U.S. forces are attacking ISIS fighters in Iraq and Al-Shabaab in Somalia. But today's surest sign that the Obama administration is widening the endless War On Terror™ may be an Air Force bid for 18 tan canvas tents, to be shipped to an airbase in Niamey, Niger.
A French-language defense blog first flagged the order last week after it showed up on the U.S. government's contracting solicitations website, FedBizOpps.gov. It doesn't sound like much—15 Quonset huts and 3 larger tents, to be usable "interchangeably with current/existing shelter systems"—but it's evidently part of a larger move by Uncle Sam into Western and Central Africa.
Since early last year, the U.S. Air Force has maintained a contingent of Predator unmanned aerial vehicles in Niamey. The Washington Post just reported this morning that Niger's government has finally agreed to allow a second U.S. drone base, in "the mud-walled desert city of Agadez." The new tents are likely meant to accommodate that presence, or to grow it.
What are we doing in Niger, far removed from well-known hotspots like Libya, Somalia or the wider Middle East? A whole hell of a lot. For several years before the Americans got there, Niamey had already been hosting a squadron of French military UAVs:
But beyond the drones, U.S. operations in Africa are suddenly off the chain. This spring, Africom—the umbrella command for U.S. military units in Africa—organized its annual "Operation Flintlock" joint exercise with 10 other nations. It was "hosted" by Niger, in Niamey:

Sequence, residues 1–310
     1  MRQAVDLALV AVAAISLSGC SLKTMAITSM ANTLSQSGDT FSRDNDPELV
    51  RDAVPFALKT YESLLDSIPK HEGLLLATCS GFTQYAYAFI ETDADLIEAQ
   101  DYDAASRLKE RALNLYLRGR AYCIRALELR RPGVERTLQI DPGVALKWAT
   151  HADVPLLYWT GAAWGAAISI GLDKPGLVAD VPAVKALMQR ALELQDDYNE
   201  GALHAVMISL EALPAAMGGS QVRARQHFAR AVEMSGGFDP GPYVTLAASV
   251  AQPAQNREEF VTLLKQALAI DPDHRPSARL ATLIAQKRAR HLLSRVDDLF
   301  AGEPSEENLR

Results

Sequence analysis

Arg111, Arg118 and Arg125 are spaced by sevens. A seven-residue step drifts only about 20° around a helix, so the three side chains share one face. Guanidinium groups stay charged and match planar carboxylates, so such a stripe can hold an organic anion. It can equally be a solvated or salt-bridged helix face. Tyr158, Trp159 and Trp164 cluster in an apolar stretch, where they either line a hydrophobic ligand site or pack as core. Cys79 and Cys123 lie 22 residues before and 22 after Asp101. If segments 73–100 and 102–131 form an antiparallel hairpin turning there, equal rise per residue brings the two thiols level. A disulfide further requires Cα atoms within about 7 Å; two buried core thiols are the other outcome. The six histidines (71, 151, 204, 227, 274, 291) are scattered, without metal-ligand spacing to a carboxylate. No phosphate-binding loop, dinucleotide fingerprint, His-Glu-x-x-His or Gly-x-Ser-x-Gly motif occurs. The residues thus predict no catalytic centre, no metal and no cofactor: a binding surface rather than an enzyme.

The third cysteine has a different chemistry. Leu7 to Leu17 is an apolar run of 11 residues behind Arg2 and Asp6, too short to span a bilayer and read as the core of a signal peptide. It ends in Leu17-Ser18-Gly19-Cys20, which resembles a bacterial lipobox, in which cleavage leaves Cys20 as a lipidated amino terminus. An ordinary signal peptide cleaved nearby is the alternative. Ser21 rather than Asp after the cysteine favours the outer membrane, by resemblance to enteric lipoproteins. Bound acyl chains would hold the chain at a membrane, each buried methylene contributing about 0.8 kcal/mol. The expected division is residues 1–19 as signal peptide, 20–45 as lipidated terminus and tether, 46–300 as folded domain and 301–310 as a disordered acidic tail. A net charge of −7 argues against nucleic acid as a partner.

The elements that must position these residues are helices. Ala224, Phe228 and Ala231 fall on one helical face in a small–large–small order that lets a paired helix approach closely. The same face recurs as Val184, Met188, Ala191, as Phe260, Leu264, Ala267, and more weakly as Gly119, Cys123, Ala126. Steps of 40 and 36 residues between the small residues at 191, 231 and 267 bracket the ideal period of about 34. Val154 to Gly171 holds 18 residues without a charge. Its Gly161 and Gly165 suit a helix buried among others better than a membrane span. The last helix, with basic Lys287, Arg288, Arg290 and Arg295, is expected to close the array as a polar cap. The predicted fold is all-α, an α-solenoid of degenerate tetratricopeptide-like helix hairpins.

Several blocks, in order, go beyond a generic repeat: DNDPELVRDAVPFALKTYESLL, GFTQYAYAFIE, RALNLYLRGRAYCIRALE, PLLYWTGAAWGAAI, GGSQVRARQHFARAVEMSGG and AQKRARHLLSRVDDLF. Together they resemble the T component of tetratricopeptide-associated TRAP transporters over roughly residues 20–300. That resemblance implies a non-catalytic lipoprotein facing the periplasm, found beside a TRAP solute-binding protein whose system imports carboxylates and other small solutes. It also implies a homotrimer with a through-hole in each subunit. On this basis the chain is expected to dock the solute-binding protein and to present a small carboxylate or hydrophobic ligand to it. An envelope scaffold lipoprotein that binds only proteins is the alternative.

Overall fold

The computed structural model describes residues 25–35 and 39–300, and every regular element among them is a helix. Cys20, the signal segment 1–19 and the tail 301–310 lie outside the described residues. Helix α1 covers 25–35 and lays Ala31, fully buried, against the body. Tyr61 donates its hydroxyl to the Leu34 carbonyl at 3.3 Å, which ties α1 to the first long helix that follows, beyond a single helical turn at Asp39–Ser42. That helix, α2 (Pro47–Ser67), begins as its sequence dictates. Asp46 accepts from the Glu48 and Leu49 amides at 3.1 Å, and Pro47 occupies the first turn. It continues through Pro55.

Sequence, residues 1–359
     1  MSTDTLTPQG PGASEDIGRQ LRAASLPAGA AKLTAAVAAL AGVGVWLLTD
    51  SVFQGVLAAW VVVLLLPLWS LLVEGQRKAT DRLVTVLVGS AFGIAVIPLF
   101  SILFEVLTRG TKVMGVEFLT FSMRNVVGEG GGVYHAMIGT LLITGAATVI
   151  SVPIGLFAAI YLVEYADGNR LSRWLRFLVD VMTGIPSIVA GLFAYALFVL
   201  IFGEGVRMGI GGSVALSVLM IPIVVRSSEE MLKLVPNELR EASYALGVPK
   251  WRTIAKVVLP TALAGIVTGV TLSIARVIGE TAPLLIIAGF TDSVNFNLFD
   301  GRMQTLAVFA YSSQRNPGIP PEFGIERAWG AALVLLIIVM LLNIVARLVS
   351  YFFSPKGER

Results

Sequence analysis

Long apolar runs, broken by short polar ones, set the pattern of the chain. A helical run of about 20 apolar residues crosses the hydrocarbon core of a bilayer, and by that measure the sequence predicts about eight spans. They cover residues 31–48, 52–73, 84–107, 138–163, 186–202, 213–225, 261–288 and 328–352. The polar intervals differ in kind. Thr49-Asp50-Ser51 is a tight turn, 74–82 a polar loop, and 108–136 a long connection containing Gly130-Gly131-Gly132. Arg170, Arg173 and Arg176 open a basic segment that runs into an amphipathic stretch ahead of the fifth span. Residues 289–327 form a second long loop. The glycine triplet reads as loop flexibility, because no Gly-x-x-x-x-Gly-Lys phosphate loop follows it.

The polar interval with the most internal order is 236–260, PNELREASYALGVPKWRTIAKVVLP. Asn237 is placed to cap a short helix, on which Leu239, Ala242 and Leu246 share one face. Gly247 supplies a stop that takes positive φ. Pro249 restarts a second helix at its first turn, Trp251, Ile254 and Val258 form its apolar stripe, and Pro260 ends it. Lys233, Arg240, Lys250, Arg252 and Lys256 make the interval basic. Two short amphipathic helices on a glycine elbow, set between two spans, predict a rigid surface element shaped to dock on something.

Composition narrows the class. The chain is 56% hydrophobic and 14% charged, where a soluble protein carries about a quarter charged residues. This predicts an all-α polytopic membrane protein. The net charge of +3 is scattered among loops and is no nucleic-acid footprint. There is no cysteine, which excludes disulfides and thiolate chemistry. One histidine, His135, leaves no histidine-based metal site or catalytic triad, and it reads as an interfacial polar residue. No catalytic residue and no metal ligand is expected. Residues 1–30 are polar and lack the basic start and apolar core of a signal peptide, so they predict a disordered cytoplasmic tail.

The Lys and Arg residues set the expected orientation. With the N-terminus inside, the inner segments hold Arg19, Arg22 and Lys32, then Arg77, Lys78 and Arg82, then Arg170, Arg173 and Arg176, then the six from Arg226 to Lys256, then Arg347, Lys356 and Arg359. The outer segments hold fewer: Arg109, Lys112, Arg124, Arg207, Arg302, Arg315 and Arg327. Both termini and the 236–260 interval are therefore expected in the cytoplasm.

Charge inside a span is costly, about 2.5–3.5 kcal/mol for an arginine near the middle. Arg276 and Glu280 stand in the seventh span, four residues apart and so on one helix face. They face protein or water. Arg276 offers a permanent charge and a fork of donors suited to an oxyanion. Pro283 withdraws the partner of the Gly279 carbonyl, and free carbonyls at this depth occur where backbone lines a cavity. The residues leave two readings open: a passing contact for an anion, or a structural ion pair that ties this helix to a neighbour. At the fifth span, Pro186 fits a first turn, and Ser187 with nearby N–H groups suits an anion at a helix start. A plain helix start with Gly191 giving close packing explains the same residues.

[U.S. Army photo by Sgt. 1st Class Jessica Inigo]
The purpose of the exercise was to practice "small-unit combined counter-terrorism training, along with humanitarian relief operations," according to Africom. Apparently, that required Navy Seabees, a ton of C-130s, Texas-based special operations forces, and West Virginia National Guard paratroopers:
[U.S. Air National Guard photo by Tech. Sgt. Eugene Crist]
That's a pretty big commitment. So, what missions could U.S. and U.S.-trained forces be performing in West Africa? Is this "Kony 2014"? The Post explains:
In Niamey, Niger's capital, U.S. and French forces set up neighboring drone hangars last year to conduct reconnaissance flights over Mali, where about 1,200 French soldiers are trying to suppress a revolt that erupted in 2012.
In Chad, the U.S. Air Force has been flying drones and other aircraft from a French military base to search for hundreds of schoolgirls abducted by Islamic militants in northern Nigeria.
The White House approved $10 million in emergency aid on Aug. 11 to help airlift French troops and provide midair refueling for French aircraft deployed to West Africa. Analysts said the monetary sum was less important than what it symbolized: U.S. endorsement of a new French plan to deploy 3,000 troops across the region.
So while the world focuses on crises in the Middle East and Ukraine, the U.S.—along with France—is still steadily increasing its military footprint in Africa. Much of its work has flown under the radar, but as the presence grows, it's likely to come in for a lot more scrutiny.
[All photos not otherwise attributed are via AP Images.]